Interpretation

During history Mastiffs , almost completely different in regard to general character , have been not only praised by the fancy but also prized by the judges as in their eye those Mastiffs corresponded respectively to that full image of - ‘a large , massive , powerful , symmetrical , and well-knit framed canine ‘ , complemented by an array of specific breed points , each one attained in a certain degree . Photographic outcome thereto may be astonishing .

 

Take par example WK Taunton’ ch Beaufort , born 1884 , versus Mr & Mrs Oliver ch Hellingly Joseph , born 1925 . Beaufort recorded as 29 ½ I (ca 75cm) at shoulder weighing 165 lbs (75 kg) vs Joseph 33i (ca 84 cm) at shoulder weighing 13 stone (182 lbs or 82 kg) . Here above an approx ‘scaled’ comparison , ie – as if both specimens (of a completely different era) were standing life , next to each other .

Breed standard 1883 General description of body ~Massive , broad , deep , long , powerful built , on legs wide apart and squarely set. Muscles sharply defined . Size a great desideratum if combined with quality . Height of less importance than substance , but desirable , if both points are proportionately combined .

 

The height vs length proportion is for a breed as heavy as a Mastiff a very important feature ; if the proportional length is too short than it may present a cobby Bull-Mastiff-like image lacking the grandeur of a large guard whereas a proportional length too long may cause the perception the dog in question carries an extra burden of gravity forces off the back as fore- & aft supports (resp pads) are way too far from each other in order to supply appropriate comfort in stance & motion ; at older age annex lesser muscle tone such lengthy & heavy specimen may become victim of spinal discomfort , not to say chronic pains .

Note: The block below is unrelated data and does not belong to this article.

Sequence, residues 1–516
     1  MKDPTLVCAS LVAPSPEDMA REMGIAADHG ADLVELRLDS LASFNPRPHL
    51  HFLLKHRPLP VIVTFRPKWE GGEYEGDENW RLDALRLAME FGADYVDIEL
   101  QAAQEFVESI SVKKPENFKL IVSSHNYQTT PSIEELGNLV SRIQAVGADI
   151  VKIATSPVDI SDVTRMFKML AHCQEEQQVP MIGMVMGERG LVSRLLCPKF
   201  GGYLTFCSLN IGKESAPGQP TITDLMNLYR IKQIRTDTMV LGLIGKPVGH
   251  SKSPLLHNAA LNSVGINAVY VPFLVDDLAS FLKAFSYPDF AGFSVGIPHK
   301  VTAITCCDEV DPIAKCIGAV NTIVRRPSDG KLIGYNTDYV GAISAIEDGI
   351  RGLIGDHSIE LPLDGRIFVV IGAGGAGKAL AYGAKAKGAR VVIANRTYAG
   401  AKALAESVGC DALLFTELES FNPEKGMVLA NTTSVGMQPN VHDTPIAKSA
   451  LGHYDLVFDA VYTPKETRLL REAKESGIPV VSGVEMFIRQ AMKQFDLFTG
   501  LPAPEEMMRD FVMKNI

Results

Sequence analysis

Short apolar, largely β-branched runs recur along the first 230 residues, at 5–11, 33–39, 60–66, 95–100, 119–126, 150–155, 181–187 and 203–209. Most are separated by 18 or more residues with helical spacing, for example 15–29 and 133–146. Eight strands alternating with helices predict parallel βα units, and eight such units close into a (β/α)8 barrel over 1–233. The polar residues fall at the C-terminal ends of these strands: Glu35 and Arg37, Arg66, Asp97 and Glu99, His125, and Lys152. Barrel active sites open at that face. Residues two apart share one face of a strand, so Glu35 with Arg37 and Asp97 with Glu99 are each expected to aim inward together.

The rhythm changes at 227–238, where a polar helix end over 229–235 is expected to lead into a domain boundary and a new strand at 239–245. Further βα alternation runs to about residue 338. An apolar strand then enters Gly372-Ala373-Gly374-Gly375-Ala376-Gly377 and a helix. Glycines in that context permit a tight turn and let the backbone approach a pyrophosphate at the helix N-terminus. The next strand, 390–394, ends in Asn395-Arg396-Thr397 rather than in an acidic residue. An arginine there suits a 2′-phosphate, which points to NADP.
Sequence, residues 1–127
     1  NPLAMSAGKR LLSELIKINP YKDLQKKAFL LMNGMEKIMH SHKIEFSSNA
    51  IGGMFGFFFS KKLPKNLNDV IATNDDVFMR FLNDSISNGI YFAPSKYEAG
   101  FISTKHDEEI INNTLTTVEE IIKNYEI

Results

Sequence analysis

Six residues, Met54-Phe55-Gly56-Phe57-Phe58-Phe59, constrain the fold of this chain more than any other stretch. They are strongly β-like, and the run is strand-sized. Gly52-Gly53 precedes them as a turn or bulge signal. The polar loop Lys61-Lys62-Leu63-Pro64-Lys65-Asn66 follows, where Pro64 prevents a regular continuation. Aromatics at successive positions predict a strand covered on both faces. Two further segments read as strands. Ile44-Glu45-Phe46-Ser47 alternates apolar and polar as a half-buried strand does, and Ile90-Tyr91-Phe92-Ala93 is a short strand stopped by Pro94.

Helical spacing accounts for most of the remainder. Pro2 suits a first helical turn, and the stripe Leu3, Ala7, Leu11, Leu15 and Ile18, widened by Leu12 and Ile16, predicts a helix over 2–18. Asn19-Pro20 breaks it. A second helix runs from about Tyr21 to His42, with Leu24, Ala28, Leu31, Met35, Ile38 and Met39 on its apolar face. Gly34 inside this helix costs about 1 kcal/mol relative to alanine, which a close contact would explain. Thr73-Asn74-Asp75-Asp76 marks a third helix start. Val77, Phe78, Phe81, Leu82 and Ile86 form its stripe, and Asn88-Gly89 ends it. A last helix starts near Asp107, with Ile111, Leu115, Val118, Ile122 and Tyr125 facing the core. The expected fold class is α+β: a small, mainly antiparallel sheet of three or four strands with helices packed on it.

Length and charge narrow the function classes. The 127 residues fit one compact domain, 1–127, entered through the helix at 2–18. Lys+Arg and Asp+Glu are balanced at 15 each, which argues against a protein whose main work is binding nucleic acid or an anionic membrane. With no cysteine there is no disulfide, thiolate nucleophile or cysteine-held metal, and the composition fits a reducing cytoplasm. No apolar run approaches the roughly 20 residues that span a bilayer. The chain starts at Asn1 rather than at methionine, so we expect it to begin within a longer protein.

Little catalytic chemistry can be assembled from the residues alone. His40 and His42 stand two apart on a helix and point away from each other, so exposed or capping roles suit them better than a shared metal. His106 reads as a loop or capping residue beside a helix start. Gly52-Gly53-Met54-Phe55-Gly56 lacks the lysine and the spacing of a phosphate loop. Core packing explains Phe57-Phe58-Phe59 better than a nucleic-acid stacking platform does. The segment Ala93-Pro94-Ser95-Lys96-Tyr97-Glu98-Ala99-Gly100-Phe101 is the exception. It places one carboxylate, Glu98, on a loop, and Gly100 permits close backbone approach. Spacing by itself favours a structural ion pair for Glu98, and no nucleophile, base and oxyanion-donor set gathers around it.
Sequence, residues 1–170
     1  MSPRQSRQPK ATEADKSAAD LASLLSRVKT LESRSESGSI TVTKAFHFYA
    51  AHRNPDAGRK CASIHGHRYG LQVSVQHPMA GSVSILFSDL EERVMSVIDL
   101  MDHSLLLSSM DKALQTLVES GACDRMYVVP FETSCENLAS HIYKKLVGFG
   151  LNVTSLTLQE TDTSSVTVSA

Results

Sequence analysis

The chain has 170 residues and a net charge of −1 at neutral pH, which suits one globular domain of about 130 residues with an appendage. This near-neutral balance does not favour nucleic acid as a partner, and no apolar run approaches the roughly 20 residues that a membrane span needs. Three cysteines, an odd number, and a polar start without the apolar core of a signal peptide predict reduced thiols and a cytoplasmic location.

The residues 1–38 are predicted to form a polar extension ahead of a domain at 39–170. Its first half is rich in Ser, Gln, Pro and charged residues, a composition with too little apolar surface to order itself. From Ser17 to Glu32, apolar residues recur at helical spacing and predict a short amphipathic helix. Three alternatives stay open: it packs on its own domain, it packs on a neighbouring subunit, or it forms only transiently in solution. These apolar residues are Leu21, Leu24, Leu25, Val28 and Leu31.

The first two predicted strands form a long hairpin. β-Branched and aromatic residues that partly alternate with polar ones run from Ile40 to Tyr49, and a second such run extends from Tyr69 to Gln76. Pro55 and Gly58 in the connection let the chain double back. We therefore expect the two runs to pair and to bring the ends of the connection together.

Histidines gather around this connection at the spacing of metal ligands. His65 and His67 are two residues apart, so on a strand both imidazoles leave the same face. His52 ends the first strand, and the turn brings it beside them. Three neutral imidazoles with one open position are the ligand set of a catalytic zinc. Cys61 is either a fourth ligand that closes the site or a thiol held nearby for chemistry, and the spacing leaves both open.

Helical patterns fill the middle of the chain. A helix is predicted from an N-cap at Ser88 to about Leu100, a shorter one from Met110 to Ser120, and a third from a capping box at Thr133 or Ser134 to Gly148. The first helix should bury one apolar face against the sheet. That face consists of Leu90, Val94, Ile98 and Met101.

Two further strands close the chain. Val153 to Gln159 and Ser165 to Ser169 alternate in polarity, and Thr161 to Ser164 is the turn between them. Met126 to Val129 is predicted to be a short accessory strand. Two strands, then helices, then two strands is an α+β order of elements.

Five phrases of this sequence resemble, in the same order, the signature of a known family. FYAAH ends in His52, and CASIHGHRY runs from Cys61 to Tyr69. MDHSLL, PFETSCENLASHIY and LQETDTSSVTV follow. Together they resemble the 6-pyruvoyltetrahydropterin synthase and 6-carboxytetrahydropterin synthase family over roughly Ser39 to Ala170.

The 1883 breed standard asks for a long body , so it's not unfair to assume the length of body must exceed the height at shoulder ; extensive measurements into the Mastiff breed population present an outcome of averagely 113/100 (note - females proportionately slightly longer than males) . Now , here below is presented a first-class Mastiff of the Victorian era and he does match that average score of 113/100 ; the red help lines indicate that the balance of this dog corresponds to the Golden Ratio (an antique proportio utmost pleasing to the eye) in two ways , ie 1) height at shoulder vs distance between tip of nose to tail , 2) distance between tip of nose to centre of fore-leg vs distance between centre of fore-leg to hock joint . In order to make things more clear - below here there are three presentations of the same dog , from left to right - the dog' image 10% shortened , the dog' image in the original proportion & finally the dog' image 10% lengthened .